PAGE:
There seems to be both more and less at stake. BRODIE WORLD sounds like you’re getting to the simplicity of what made you guys so special and interesting early on in your career, and even though some of these songs are a bit more minimal than what the average AG Club fan may be used to, it’s evident that there’s a whole world you’re building behind it.

FONTAINE: I think we found a balance with this project. With our past projects, we like to make a lot of different songs. Halfway Off the Porch was the most genuine of that. We made a bunch of songs, and there were all these different sounds and textures. It was like a painting! There’s all these different colors on it. At a certain point soon after, we got caught up in the mindset of: you have to define what people are gonna think you are and then you have to lean into it. Whatever your thing is, you have to figure out your thing and then you have to make it materialize and then you have perfect that thing.

We go on to do Fuck Your Expectations and Impostor Syndrome and our whole shtick is that we have all these different lanes. But I feel like the process got way too calculated. Even the subject matter! With BRODIE WORLD, we tried to steer away from that and just let it be more of a natural thing. What we found is that there’s still that natural element of all of that and of us that we had in the first project more than anything we ever did, because this feels the most like that first one. We made stuff, and we saw that it was a painting with a bunch of different colors. We saw that there was like the “Cajh Day,” which is the real Bay Area sound and bounce, but there’s also “Iron Giant,” which is just… what the fuck even is that? There’s those different textures, but it wasn’t super intentional.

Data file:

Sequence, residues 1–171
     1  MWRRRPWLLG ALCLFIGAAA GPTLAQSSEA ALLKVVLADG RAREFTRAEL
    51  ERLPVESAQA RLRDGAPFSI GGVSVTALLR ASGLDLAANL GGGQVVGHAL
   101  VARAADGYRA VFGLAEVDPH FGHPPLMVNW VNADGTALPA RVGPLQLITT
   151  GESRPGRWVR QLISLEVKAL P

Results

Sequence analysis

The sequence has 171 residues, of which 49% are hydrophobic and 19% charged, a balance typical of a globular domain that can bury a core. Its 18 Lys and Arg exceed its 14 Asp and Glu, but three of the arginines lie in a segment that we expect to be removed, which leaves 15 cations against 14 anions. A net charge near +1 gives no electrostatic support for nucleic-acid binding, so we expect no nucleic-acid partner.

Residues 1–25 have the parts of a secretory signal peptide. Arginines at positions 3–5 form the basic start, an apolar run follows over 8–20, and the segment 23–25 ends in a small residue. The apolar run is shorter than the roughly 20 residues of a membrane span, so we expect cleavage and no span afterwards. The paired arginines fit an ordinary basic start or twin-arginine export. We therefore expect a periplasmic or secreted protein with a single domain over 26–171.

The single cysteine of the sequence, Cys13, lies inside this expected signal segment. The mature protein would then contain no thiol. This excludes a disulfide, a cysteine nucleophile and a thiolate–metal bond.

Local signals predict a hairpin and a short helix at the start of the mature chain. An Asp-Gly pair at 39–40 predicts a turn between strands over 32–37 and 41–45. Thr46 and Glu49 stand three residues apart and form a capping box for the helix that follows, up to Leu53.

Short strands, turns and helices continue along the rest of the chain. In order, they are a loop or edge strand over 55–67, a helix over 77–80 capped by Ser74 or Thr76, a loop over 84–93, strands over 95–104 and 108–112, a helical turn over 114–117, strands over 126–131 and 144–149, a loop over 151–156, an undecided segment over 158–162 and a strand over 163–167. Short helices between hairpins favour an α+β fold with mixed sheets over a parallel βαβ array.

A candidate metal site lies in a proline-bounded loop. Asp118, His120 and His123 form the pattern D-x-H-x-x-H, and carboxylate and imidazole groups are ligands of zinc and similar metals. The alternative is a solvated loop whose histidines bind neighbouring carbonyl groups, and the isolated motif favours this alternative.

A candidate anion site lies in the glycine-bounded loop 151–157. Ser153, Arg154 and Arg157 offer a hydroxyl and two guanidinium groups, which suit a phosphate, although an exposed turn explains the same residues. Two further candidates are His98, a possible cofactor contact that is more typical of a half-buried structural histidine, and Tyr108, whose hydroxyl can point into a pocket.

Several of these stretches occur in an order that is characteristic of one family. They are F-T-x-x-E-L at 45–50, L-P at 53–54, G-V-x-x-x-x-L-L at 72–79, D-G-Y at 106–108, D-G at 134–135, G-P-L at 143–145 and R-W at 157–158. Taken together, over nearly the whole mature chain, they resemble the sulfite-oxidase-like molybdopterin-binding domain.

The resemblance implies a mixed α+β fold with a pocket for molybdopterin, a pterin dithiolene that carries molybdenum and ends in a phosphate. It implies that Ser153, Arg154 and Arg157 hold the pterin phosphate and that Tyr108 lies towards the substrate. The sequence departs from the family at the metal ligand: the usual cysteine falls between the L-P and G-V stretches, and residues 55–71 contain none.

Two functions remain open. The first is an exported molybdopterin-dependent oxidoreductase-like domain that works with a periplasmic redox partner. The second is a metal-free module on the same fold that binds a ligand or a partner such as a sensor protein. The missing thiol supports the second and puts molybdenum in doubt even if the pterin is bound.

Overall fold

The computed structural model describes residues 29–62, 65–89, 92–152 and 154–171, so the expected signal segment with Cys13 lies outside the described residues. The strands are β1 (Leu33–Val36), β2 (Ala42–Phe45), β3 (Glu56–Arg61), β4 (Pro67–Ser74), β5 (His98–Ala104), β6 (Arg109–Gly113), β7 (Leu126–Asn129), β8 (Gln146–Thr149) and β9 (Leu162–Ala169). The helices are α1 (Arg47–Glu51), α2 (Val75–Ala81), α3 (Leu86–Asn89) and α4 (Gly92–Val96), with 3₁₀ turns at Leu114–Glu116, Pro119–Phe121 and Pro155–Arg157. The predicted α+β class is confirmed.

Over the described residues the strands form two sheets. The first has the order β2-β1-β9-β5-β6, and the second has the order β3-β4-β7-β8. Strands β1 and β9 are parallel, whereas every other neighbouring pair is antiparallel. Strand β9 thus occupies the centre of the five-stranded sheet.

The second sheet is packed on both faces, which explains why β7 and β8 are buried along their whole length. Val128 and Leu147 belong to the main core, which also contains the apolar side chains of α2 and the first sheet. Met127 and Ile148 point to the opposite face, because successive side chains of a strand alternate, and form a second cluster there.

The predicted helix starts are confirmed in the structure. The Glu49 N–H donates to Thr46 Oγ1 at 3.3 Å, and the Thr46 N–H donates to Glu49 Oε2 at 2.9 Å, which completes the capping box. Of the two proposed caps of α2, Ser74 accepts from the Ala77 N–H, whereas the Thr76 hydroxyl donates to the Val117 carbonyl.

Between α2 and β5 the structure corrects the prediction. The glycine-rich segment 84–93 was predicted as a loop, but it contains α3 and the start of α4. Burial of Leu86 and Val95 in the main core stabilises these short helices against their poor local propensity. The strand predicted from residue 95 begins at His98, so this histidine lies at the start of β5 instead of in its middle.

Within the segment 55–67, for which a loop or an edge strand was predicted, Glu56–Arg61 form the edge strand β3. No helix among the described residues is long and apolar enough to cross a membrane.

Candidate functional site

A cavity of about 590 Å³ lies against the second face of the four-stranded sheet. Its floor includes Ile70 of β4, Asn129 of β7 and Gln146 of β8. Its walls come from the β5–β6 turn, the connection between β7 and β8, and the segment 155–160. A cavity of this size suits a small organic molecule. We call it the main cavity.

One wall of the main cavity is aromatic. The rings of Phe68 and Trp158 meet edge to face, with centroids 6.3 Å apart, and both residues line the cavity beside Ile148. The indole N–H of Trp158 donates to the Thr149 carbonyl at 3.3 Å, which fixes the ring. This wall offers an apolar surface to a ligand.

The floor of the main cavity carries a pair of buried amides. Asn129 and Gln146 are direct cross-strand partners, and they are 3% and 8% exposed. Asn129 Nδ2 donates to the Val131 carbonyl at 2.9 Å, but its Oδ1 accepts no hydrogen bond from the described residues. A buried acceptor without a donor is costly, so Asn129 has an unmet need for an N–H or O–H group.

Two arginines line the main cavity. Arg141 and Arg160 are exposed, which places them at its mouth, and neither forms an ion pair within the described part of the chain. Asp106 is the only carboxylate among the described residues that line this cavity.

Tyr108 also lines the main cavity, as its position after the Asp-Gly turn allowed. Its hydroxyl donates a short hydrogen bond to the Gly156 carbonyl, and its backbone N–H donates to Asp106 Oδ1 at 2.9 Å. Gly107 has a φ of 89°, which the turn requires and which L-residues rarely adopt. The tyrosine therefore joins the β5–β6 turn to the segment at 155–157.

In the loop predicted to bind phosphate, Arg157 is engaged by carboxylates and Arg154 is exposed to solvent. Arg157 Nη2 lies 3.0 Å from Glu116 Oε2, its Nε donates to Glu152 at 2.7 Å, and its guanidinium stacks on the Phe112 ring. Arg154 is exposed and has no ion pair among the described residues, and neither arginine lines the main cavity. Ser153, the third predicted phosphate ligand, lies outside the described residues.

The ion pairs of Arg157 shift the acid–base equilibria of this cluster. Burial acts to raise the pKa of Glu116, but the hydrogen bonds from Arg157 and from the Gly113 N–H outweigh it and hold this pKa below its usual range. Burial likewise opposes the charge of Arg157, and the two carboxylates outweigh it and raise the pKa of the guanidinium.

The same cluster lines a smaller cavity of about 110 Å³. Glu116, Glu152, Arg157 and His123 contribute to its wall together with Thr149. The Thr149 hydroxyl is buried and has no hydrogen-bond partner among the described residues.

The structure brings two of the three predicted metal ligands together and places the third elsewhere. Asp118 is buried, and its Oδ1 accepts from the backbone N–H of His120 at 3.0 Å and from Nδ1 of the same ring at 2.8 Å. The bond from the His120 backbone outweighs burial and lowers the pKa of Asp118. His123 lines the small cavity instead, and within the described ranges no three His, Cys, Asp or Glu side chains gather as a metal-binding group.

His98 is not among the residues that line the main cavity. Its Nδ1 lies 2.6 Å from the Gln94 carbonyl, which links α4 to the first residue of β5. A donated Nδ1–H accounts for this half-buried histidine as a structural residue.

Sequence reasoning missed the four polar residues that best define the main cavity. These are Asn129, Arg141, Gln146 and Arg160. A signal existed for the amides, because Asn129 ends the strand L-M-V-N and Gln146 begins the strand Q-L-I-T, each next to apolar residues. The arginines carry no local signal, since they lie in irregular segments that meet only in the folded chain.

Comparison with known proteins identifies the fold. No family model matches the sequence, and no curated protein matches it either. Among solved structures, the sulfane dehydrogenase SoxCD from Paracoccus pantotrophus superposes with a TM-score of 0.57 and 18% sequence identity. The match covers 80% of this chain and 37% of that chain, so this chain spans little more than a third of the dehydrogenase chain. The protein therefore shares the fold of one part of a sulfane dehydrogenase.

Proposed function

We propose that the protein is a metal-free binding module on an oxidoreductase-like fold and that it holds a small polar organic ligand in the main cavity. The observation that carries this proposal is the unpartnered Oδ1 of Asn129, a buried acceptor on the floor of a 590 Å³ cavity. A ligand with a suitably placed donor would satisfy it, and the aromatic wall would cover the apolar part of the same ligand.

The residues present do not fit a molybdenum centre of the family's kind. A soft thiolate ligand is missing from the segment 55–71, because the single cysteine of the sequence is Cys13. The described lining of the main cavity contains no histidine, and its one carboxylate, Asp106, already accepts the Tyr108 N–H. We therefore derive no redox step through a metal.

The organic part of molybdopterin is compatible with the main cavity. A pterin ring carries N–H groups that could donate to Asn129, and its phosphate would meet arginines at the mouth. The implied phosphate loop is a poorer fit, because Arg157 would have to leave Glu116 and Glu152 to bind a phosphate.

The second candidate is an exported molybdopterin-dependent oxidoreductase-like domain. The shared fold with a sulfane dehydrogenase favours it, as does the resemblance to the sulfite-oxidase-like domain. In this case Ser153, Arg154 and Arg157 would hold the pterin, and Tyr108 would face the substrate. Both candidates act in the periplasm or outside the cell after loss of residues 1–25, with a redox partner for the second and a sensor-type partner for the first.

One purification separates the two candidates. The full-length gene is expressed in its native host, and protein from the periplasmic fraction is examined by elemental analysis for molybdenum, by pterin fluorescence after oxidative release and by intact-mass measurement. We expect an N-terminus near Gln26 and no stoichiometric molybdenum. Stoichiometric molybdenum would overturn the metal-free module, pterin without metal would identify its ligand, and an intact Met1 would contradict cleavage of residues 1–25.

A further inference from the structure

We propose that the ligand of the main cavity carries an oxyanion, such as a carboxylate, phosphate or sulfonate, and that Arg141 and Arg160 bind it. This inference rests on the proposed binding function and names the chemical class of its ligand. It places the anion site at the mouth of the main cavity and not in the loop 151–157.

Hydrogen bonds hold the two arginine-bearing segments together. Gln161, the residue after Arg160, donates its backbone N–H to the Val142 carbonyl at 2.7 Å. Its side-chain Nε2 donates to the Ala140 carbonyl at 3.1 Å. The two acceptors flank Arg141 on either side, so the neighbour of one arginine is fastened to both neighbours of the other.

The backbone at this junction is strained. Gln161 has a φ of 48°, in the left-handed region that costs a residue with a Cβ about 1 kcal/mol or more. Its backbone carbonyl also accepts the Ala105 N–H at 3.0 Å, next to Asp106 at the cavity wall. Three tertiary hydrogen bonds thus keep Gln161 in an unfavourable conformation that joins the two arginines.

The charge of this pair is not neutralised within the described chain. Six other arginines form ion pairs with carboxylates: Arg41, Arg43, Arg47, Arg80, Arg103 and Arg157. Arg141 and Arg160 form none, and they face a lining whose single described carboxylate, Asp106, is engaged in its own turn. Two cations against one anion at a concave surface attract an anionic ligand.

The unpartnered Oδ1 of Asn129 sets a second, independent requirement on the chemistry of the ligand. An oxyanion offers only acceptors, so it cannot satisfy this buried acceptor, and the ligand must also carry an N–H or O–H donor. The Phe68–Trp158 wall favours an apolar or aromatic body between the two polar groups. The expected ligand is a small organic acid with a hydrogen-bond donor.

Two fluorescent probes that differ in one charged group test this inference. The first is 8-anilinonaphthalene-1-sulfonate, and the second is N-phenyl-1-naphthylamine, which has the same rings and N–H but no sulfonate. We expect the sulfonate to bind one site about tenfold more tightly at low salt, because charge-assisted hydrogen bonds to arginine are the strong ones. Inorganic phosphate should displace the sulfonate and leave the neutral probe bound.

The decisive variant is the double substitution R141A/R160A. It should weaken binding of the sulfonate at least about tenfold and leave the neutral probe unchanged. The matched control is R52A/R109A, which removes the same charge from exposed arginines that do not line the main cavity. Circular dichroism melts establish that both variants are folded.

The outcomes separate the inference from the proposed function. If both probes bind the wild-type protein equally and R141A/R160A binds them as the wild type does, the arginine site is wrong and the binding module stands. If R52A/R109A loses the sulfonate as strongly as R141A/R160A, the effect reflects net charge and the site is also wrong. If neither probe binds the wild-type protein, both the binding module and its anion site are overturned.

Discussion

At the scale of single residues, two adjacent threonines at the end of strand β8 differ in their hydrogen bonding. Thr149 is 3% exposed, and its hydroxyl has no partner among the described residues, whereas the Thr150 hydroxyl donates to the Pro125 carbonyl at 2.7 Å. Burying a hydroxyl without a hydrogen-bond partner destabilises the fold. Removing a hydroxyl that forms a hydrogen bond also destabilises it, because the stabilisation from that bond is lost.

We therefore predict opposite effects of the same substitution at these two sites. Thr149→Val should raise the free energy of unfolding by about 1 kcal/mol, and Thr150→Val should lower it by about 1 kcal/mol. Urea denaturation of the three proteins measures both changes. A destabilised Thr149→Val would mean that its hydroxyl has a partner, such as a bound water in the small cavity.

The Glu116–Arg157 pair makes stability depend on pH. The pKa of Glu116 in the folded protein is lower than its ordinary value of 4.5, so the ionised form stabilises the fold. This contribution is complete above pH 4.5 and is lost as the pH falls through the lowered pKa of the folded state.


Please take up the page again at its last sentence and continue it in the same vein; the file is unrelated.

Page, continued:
Moving forward, we know that we don’t really have to. I feel like this is kind of redefining ourselves and what AG Club is because it’s kind of a question mark and asterisk right now, and it has been for a while because we haven’t dropped in damn near two years. This current definition of it that we’ve created with this project is way easier to maintain because it’s just much more loose. And it kind of resembles us more in that way.

Visuals are a huge part of AG Club, and your love for movies shines through everything you do as you create this cinematic world. How does that influence the music?

FONTAINE: First and foremost, shoutout Manny. Our rock. Our… papa. There’s definitely a movie culture within all of us but Manny keeps us on our toes because he watches like 10 movies a day. Since the beginning, that has always been a way that we’ve bonded. We used to be at the old crib and it was mandatory that we had something playing while we were working on stuff. It’s still like that! Especially through all of these BRODIE WORLD sessions, we had some movie or TV show playing while we were recording. That influenced a lot of the song titles.

We’ve always said that we’re trying to make our thing like a network on TV. When you’re a kid and you flip your TV to Cartoon Network, you’d look at your schedule for the day because back then, we had guides and shit. You could see what was going to play for the next 24 hours and anything after that you couldn’t, but you didn’t care! That was life. In 24 hours of Cartoon Network scheduling, you would see seven or eight different shows, one movie, and then a special or two. That’s such a range of content.

We’ve always seen AG Club as a collective. There’s music, but there’s also video, and there’s also skating, and there’s also apparel. We have all these different things that we can do, and we also have friends that can do things. We just love consuming that types of media because they feel the most relatable as far as what we’re trying to do with world-building. It’s partially ego, though, because sometimes you really start watching movies and you’re wanting to be an asshole about it.

Once you make a Letterboxd, it’s over.

FONTAINE: It’s downhill from there. Like you just become the worst version of yourself because you need to watch everything that you n****s have never heard of. The references are everywhere, down to 70% of the song titles. There’s just so much in there, and even in the videos! That’s for the real ones to pick on. In five years or whatever, we’ll do some interview and reveal it all. By then, it will give us time to make up some shit to make it deeper.

Call me crazy if you wish, but I also think there’s this really interesting tension in the record. There’s an eerie, foreboding feeling in some tracks.

FONTAINE: I feel like those textures are just us trying to make it feel like a real thing. It’s super fun and lax as far as us making it, but I feel like we get kind of caught up. I can only speak for myself, but I get caught up in my own head. I wanted it to still be evident that there’s a lot of care and there’s a lot of attention.